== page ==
I’m trying to learn the best order of the CSS parts. What do you recommend? Learn about Flexbox and then Grid? Or is it some other best order to learn. Thanks a lot!
For the basics I think the way things are presented in the freeCodeCamp curriculum is fine. Otherwise, I personally don’t think there is an order to learn those things. Take flexbox and grid for example—they are different things that (I personally think) you have to learn if you plan to be good at CSS, so there isn’t really an “order” (see this article).
At least for the two things that you mentioned, and If you must put an arbitrary order to them, then I would suggest learning flexbox first because it has more utility in simpler websites, which may not even need a grid. I personally think that the best way to learn CSS is by doing—close website layouts, take part in Daily CSS Images Challenge or simply make an effort to make your freeCodeCamp projects look nice on desktop, tablets and mobile.
I recommend Shay Howe’s tutorials even if you’ve done the CSS challenges on FCC. The tutorials also go through HTML, however.
you can use solo learn
At this point in time flexbox is a more commonly used than Grid. For example, Bootstrap 4 actually uses flexbox for its grid system, not Grid.
Flexbox also has better browser support at this time, but lately Grid is getting to a good point as well.
I would also learn more traditional layout techniques like floats, clearfixes, and position relative/absolute. These are still really useful for a lot of use cases.
For me, my grasp of CSS improved most when I got away from using frameworks and started writing all my styles from scratch. Other than that its just practise and reading docs.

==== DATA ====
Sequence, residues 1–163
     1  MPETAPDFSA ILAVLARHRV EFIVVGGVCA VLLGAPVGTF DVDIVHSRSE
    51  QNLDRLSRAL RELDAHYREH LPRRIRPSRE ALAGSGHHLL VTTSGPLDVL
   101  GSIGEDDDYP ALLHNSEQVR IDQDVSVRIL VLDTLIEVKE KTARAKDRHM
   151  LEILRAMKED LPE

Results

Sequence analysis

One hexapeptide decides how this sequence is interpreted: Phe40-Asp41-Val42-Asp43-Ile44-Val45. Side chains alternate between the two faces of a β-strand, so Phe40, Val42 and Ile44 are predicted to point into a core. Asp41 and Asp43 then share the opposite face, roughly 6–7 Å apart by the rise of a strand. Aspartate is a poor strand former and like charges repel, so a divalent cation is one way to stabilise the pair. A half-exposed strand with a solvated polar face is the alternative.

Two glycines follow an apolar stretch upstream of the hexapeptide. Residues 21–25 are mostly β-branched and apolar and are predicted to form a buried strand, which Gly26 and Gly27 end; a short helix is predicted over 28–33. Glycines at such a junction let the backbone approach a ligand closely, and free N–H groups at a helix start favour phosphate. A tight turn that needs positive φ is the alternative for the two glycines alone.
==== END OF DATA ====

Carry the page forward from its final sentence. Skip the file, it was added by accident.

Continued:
CSS is one of those very few things that can be learned module by module, in pretty much a totally random order from multiple informal sources and will still result in great learning experience.
My advice would be to go in an approximate release date kind of way, as CSS modules are built on the shoulders of what came before them.
So master your box model first, then your floats (that you can get away without nowadays, but they are still the right tool for some things) then maybe some fun with box-shadow and text-shadow (you can do amazing tricks with them), fonts and icon fonts, learn “advanced” units like em/rem and viewport-based units, transforms, transitions, animations, maybe filters, then go into pre-processors (probably SASS), then media queries, flexbox, grid, and even custom properties (variables) while you’re at it.
A great, simple, structured approach is W3School’s CSS tutorials.
A much funnier way is just browsing youtube for CSS tricks. And try to practice / develop your own tricks or exotic implementations at CodePen. That’s also a great way to build a sort of portfolio without even trying.
While that’s undeniably truth, currently all major browsers support Grid (Edge, Firefox, Chrome, Safari, and even Chrome mobile and Samsung internet).
Only downers are UC browser and Opera Mini, but being mobile browsers, you’d probably feed them a much simple block layout anyway.
Which leaves us with only IE being the troublemaker… as always (still, same is the case for flexbox due to a staggering amount of bugs). But we could always give the guy with a fallback by using @supports feature queries on our grid implementation (the grid specification is actually really, really smart when dealing with floats, inline-block, flexbox and even display:table fallbacks), or better yet, just serve the grid CSS to everyone and detect the (lack of) support for grid with CSS to serve a graceful degradation stylesheet for the damn IE.
there is an app called solo learn available on playstore as well as in itunes…
W3Schools and CodeAcademy is the best resource for learning CSS Online with live code practices.
Step 1. Learn basic principles of CSS: selectors, the cascade, the box-model, layout. Think, Yay, this is easy!
Step 2. Start building webpages
Step 3: Practice swearing at the monitor every time CSS does something weird or surprising, i.e. all the time.
Step 4: Think seriously about becoming a back end programmer, lighthouse keeper, or marine biologist.
Step 5: Discover Chrome Dev Tools. Reduce swearing to once or twice an hour.
Step 6: Learn about responsive web design.
Step 7: Reprogram hard drive with a baseball bat.
Step 8: Become lighthouse keeper.
hey I have tried many resources, but i think the one I learned more from was CSS: The Missing Manual. The book has 18 tutorials and you practice a long your read. Have a look if it interests you: